Abstract In this article we develop a relational understanding of sociality, that is, an account of social life that takes relation as primary. This stands in contrast to the common assumption that relations arise when subjects interact, an account that gives logical priority to separation. We will develop this relational understanding through a reading of the work of Martin Buber, a social philosopher primarily interested in dialogue, meeting, relationship, and the irreducibility and incomparability of reality. In particular, the article contrasts (...)
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  • Martin Buber and the Ontological Crisis of Modern Man.Charles Rustin - 1999 - Critical Review of International Social and Political Philosophy 2 (4):74-104.
  • “Comment Is Free, but Facts Are Sacred”: User-Generated Content and Ethical Constructs at the Guardian.Jane B. Singer & Ian Ashman - 2009 - Journal of Mass Media Ethics 24 (1):3-21.
    This case study examines how journalists at Britain's Guardian newspaper and affiliated Web site are assessing and incorporating user-generated content in their perceptions and practices. A framework of existentialism helps highlight constructs and professional norms of interest. It is one of the first data-driven studies to explore how journalists are negotiating personal and social ethics within a digital network.
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  • The Problem of Intersubjectivity: A Comparison of Martin Buber and Alfred Schutz.Frederick Grinnell - 1983 - Human Studies 6 (1):185 - 195.
    Alfred Schutz in his phenomenological studies on the social world, has systematically analyzed the nature of social relationships between individuals, and has arrived at an originating point involving intersubjectivity. This point is described by what he calls the Pure We-relationship. Comparison of Schutz's analysis of the Pure We relationship with Buber's description of his personal experience of intersubjectivity, i.e., the l-Thou relationship, reveals a remarkable convergence. For instance, fundamental to both Schutz and Buber are the notions that intersubjectivity is tied (...)
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  • Satisfaction, Settlement and Exposition: Conversation and the University Tutorial.Amanda Fulford - 2013 - Ethics and Education 8 (2):114-122.
    In this paper, I consider the tutorial conversation in Higher Education. To focus the discussion I use the scenario of a tutorial conversation between a lecturer and a student. I begin by suggesting that the increasing emphasis placed on student satisfaction in certain Higher Education Institutions tends to focus the tutorial conversation towards a form of settlement that I then consider in light of Thoreau's Walden. To explore what other conversation might be possible, I turn to the philosophical writing of (...)
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  • Martin Buber: Educating for Relationship.Sean Blenkinsop - 2005 - Ethics, Place and Environment 8 (3):285 – 307.
    This paper proposes that contained within Martin Buber's works one can find useful support for, and insights into, an educational philosophy that stretches across, and incorporates, both the human and non-human worlds. Through a re-examination of his seminal essay Education2, and with reference to specific incidents in his autobiography (e.g. the horse, his family, the theatre and the tree) and to central tenets of his theology (e.g. the shekina, the Eternal Thou and teshuvah) we shall present a more coherent understanding (...)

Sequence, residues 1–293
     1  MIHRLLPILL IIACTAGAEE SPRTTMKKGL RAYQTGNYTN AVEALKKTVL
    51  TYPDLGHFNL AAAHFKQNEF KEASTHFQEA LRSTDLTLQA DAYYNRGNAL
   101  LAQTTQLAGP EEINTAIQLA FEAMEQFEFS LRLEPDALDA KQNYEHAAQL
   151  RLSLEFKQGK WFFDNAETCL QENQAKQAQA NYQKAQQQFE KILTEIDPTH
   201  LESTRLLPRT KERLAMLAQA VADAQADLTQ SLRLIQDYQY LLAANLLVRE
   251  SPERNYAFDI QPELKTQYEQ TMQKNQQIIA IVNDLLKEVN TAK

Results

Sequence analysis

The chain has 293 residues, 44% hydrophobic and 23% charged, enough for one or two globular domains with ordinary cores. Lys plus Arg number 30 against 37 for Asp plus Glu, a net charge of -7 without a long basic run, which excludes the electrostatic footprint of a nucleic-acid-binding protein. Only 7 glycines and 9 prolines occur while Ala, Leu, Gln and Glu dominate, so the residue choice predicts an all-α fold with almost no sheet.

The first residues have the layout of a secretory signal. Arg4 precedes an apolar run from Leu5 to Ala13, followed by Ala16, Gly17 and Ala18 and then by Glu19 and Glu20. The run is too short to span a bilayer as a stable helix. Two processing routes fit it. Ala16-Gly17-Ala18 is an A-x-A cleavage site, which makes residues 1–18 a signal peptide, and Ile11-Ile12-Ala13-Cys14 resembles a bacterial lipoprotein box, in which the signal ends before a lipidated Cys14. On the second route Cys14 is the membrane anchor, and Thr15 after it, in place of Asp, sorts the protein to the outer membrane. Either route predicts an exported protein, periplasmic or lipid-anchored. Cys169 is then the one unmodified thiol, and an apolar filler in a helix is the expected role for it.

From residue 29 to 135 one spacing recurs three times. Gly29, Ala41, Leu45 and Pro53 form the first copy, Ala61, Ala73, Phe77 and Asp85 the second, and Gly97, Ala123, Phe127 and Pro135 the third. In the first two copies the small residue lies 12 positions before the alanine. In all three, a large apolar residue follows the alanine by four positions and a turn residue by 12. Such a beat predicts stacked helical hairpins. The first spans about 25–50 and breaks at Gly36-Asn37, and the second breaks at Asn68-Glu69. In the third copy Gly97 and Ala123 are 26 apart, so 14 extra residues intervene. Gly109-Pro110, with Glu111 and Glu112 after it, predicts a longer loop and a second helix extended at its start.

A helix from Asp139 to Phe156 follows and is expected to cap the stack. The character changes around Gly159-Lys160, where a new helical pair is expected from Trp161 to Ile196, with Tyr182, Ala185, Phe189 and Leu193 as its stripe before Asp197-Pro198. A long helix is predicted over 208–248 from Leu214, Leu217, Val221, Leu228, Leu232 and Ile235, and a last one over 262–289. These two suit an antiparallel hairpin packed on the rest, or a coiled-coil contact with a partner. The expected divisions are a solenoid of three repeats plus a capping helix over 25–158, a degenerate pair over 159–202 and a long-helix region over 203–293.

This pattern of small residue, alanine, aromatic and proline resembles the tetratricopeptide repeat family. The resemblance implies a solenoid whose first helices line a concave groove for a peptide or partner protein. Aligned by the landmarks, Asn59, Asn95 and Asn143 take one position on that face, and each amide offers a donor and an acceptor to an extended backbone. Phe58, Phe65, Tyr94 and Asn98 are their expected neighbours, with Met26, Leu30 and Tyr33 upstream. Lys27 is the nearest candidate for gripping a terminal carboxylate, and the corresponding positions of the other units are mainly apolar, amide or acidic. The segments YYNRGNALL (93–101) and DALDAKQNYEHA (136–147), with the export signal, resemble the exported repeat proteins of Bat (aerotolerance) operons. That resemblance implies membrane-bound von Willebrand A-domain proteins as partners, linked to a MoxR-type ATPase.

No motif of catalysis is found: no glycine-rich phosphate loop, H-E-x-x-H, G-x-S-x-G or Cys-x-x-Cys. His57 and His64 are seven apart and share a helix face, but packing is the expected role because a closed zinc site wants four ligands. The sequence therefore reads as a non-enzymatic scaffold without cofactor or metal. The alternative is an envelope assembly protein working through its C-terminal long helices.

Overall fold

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  • Renewing Anthropological Reflection.Dennis M. Weiss - 1994 - Man and World 27 (1):1-13.
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  • The Objectives of Sex Education in the Schools.Jean-Marc Samson - 1974 - Journal of Moral Education 3 (3):207-222.
  • Dialogue, Responsibility, and Oil and Gas Leasing on Montana's Rocky Mountain Front.Scott Friskics - 2003 - Ethics and the Environment 8 (2):8-30.
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  • On the Other Side of Silence.Ronald J. Silvers - 1983 - Human Studies 6 (1):91 - 108.
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  • Realism (Fajia), Human Akrasia, and the Milieu for Ultimate Virtue.Kuang-Ming Wu - 2002 - Dao: A Journal of Comparative Philosophy 2 (1):21-44.
  • Conversing with Those with Whom We Disagree: A Response to Aikin and Talisse's 'Argument in Mixed Company: Mom's Maxim Vs. Mill's Principle'(Think 27).Brenda Watson - 2012 - Think 11 (31):81-95.
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  • Refugees, Immigrants, and Repatriated Greek-Pontians From the Ex-Soviet Union in Greece: An Educational Experience.Grigoris Mouladoudis - 2005 - Philosophical Practice 1 (3):149-157.
  • Anxiety and Education.Z. E. Kurzweil - 1967 - British Journal of Educational Studies 15 (2):174-187.
  • The Possibilities and Consequences of Understanding Play as Dialogue.John Morgan & Ana Cristina Zimmermann - 2011 - Sport, Ethics and Philosophy 5 (1):46-62.
    (2011). The Possibilities and Consequences of Understanding Play as Dialogue. Sport, Ethics and Philosophy: Vol. 5, No. 1, pp. 46-62. doi: 10.1080/17511321.2010.511250.
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  • Anxiety and Education.Z. E. Kurzweil - 1967 - British Journal of Educational Studies 15 (2):174 - 187.
  • Moral Education and the International Baccalaureate Learner Profile.Lodewijk van Oord - 2013 - Educational Studies 39 (2):208-218.